From my time working in children’s hospitals, I know how hardy kids can be. As a parent, deciding when your child is sick enough to make the trip to the emergency department can be difficult. However, there are some things that should make you take the cautious route and head into hospital.
When it comes to kids, the general rules for heading to the ED include being particularly lethargic, not drinking or weeing much, looking particularly pale or dusky as well as your own worry are good rules of thumb. Here are a few more specific problems you need keep in mind.
Fevers are pretty common in kids, with their frequent exposure to viruses and other common infections at schools or day care. It’s actually part of our body fighting off an infection and in and of itself, isn’t actually a disease. To make your child feel better, you can give a simple over the counter medicine like paracetamol or ibuprofen and ensuring plenty of fluids are given. Avoid aspirin in children as it can have serious side effects.
We tend to be a bit more worried when the temperature is over 39 degrees Celsius (over 38 degrees if they’re younger than 3 months), or its associated with a first ever febrile convulsion (seizure), they’re very drowsy, they have a new rash, are struggling to take or keep down fluids or they start getting shivers.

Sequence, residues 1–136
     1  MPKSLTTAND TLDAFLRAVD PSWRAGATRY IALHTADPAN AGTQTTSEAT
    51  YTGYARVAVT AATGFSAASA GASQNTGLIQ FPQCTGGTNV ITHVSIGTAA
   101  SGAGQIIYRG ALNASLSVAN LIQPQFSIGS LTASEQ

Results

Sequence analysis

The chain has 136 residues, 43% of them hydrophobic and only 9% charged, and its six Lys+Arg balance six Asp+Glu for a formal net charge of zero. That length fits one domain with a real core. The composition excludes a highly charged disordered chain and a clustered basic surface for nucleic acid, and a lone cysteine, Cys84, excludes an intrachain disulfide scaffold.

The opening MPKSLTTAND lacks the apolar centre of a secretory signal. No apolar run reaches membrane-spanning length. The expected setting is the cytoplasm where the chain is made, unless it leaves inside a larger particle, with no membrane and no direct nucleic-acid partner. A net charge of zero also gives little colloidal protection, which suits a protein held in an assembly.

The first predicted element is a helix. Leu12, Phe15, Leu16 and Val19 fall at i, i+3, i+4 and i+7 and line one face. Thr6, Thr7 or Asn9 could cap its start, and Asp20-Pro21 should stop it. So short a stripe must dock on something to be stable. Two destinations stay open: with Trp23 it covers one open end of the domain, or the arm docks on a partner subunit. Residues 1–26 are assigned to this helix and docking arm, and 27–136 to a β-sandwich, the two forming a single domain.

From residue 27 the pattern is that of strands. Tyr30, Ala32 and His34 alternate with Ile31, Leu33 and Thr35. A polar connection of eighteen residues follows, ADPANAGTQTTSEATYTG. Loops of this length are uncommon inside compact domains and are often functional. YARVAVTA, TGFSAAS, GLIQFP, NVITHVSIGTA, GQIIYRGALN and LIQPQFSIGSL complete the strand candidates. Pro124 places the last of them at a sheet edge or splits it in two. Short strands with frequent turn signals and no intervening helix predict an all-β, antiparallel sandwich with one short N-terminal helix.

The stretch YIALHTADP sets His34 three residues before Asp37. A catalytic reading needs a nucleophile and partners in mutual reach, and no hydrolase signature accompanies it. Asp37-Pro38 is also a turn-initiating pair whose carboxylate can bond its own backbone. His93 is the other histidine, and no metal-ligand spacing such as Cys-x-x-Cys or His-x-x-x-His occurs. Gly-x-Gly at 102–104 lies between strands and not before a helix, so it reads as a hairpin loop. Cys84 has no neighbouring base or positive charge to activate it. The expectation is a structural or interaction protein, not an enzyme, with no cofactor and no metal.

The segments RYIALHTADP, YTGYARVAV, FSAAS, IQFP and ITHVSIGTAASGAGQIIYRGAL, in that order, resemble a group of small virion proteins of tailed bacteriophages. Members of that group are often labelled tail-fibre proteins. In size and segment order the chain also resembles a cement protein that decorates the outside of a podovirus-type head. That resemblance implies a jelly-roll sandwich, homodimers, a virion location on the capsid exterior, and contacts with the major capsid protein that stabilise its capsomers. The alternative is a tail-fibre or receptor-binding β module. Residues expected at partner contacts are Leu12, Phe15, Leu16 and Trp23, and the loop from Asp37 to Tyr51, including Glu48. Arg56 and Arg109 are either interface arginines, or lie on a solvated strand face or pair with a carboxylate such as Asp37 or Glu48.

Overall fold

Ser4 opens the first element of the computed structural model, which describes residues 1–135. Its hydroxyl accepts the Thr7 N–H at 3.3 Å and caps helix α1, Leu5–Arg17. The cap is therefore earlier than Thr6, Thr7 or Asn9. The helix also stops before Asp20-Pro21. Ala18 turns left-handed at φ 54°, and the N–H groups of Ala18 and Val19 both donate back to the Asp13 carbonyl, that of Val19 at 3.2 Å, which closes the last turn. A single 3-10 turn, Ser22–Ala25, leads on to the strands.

Especially in the winter months, kids can get a whole host of viral infections. Sometimes this can lead to breathing difficulties with illnesses like croup, bronchiolitis or making asthma worse. If you notice your child is working hard to breathe by breathing rapidly, with the muscles around the mouth, neck and nose helping the breathing or they have a cough that makes them struggle to breath, they need to be checked out. Kids with noisy breathing or other associated problems like drowsiness or looking a bit dusky around the lips need a review quickly too.
Broken bones, cuts and burns
Owing to their playtime, kids often bump and scrape all kinds of things. If your child doesn’t want to use their injured limb, have hit their head, or have a noticeable deformity, it’s worth getting them checked. Cuts that are large, deep, bleeding profusely or occur on the face may need a surgeon’s review via the emergency department.
When it comes to burns, kids are especially prone to problems afterwards like losing body temperature or fluid. After first aid (running cool water for at least 20 minutes), any burns that are deep, involve sensitive areas (face, hands, feet, genitals), larger burns or any burn in kids under one year old definitely need seeing to.
Mum or dad are worried
This is an important point. If your child is out of character for them, that can be an important reason to head into hospital. Since children can’t always tell us what exactly is the matter, the observations of parents can be so important. So, trust your own instincts when you think something is wrong and get everything checked out. Better safe than sorry is always a good rule of thumb.
Where to get more information
This is by no means an exhaustive list. You can read some more information at Health Direct or of course your GP, your local hospital or child health nurse are great resources when you’re worried.